I've borrowed an acre or so of land to turn into a wildflower meadow in the corner of one of Archie's potato fields next to Sparkford, on the A303. Although I've been working on some areas at home over the last couple of years I thought it was time to do something much more public to promote the idea and - hopefully - show how it can be done. And we do need to do something. Although we are waking up to the problem, the catastrophic loss of ancient meadows - an estimated 98% since 1945 - has had an inestimable impact. Unimproved grassland is one of the most important of our native habitats, and its disappearance seems to be a major factor in recent declines and extinctions of a number of species. We can't replace ancient meadows overnight, but we can make a difference by creating new ones and - wow! - they're beautiful. I'll be banging on a good deal about meadows, but for the time being you can find out more about Archie's site and other projects on our website.
Today I wanted to write about the need for using the right seed mixes for them. I've been slightly taken aback by people's ideas about what constitutes a "traditional" meadow. Folk are planting initially beautiful annual flowers rather than perennial mixes WITH grasses, and managing them poorly so they disappear. There are now some gorgeous North American annual mixes available too which are understandably popular, but not what's required. Many packet "native" seed mixes also seem to include non-native plants, which is unhelpful. Not only that, but work by Scotia Seeds suggests that some commercially available mixes have germination rates as low as... zero.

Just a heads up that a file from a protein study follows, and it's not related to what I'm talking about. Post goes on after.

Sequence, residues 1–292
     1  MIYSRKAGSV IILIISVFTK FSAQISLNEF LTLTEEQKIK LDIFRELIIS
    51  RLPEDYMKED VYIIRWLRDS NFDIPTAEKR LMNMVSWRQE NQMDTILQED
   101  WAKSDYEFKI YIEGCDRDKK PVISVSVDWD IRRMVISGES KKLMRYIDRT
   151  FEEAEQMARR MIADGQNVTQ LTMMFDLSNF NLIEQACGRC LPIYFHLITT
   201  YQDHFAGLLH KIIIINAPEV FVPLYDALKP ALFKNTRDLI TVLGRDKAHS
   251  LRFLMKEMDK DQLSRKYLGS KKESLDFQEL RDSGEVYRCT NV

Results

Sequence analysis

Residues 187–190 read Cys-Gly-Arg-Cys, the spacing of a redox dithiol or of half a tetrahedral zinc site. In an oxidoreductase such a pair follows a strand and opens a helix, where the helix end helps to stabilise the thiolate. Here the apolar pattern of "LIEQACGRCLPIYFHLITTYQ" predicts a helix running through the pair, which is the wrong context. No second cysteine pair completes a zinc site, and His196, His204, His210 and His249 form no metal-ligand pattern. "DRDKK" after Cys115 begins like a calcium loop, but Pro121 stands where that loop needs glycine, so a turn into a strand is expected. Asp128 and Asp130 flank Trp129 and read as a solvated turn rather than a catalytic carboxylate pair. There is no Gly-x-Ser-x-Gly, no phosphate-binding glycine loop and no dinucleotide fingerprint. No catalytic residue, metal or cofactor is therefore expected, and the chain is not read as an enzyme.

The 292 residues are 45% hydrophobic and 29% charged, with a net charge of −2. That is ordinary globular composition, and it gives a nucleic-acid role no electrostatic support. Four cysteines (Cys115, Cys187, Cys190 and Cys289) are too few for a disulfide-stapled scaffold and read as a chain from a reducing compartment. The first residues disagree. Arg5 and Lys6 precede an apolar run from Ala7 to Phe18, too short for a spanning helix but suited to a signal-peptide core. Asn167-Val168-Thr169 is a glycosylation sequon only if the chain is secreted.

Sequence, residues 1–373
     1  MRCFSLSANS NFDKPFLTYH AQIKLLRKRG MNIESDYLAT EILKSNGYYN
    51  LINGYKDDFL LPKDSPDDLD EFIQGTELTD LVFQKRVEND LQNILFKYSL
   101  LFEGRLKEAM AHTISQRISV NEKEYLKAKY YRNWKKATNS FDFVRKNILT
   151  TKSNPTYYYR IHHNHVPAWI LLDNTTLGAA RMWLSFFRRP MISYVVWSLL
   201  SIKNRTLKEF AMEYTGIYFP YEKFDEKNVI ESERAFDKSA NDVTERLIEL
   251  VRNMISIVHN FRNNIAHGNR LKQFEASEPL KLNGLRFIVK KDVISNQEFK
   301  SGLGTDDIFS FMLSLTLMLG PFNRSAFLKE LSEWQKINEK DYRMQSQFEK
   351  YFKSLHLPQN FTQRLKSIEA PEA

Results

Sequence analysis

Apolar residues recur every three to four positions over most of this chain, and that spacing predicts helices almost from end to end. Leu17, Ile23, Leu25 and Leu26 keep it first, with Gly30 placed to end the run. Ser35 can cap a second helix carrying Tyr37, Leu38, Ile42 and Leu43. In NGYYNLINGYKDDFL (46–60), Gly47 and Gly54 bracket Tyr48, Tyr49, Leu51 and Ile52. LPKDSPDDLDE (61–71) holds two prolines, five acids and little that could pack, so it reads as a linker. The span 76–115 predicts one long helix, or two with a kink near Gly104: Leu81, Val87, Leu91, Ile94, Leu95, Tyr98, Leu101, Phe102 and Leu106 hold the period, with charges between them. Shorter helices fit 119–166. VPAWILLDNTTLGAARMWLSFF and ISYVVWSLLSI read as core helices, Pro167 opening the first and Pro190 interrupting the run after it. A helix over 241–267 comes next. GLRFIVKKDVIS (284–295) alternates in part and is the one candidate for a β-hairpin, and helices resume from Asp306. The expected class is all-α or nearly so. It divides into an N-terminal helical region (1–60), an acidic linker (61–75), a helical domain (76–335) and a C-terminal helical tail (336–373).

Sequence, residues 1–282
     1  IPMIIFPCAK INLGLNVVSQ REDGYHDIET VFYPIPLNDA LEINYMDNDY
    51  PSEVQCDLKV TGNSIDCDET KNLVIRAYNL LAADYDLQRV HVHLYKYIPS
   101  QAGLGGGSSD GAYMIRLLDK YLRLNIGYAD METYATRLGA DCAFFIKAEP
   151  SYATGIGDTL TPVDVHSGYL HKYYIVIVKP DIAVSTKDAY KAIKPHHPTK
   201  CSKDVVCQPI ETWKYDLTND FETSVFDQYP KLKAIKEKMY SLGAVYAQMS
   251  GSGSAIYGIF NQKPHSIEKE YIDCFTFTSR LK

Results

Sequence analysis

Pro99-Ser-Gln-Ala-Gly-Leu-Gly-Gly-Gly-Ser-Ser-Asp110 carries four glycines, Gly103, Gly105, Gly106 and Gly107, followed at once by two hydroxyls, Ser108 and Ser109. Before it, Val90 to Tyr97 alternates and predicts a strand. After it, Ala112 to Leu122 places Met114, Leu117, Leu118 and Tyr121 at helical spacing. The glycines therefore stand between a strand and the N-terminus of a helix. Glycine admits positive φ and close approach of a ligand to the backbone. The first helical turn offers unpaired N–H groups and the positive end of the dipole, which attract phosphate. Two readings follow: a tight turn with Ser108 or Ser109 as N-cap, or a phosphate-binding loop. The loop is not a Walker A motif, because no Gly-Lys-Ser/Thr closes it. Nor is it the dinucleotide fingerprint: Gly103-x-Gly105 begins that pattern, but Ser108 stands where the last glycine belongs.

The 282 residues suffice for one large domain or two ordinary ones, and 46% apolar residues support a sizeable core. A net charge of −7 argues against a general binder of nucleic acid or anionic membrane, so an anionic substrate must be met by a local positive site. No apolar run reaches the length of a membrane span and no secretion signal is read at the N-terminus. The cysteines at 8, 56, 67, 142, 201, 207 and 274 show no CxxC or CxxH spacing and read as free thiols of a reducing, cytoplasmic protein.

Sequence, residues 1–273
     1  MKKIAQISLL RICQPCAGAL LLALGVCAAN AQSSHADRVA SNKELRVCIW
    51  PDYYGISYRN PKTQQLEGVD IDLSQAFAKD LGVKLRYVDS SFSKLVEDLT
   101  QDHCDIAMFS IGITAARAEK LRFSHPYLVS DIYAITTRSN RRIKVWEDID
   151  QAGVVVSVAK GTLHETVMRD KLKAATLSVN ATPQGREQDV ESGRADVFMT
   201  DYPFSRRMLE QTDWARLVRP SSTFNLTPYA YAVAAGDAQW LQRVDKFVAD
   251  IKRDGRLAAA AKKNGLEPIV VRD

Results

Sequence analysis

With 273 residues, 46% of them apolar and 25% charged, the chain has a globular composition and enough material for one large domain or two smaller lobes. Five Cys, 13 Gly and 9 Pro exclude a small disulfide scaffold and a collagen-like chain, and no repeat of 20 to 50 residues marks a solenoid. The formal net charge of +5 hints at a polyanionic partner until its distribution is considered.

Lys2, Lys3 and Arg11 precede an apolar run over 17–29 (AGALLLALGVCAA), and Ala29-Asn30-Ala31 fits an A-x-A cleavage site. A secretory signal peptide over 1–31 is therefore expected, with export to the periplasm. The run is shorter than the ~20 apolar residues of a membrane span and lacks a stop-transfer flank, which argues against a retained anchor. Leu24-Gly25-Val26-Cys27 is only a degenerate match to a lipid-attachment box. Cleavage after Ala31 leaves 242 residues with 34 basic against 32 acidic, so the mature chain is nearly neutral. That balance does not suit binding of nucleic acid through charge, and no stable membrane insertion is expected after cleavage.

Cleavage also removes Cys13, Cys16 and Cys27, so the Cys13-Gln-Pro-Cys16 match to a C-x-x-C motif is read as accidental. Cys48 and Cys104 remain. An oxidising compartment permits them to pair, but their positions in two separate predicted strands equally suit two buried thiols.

I'm trying to follow some guidelines in our work and in what we're promoting on the website:
Use only native seed.
Native animals need native plants, and no-one needs invasive foreign species or hybrids.
Use only high quality seed.
A low germination rate means all your work will be wasted.
Plant as diverse a mix as possible.
The more species of flora you have, the more beautiful the meadow will look and the more species of fauna you will support.
Plan and manage the sward properly.
Work out what kind of conditions you have and find an appropriate mix, which will then need an annual regime.
Lastly, try to use local seed.
It seems to me that it will not only do better and include possibly rare species, but also be more relevant to local fauna. We are trying to encourage unimproved meadow owners to produce seed (do you know anyone who might be interested ?), but it is a difficult, commercially hazardous and highly specialized business. There is currently only a handful of commercial suppliers who produce the really good quality and regionally appropriate mixes we sell ourselves. We will be using some seed from a local meadow in our new project, which I'm very excited about and which we'll be selling on the website. This mix includes the Corky-fruited Water-dropwort (!), which I gather is typical of this area, and in a couple of years time we will be sowing some lovely orchids, including the one pictured, I'm told a hybrid Common Spotted / Marsh orchid.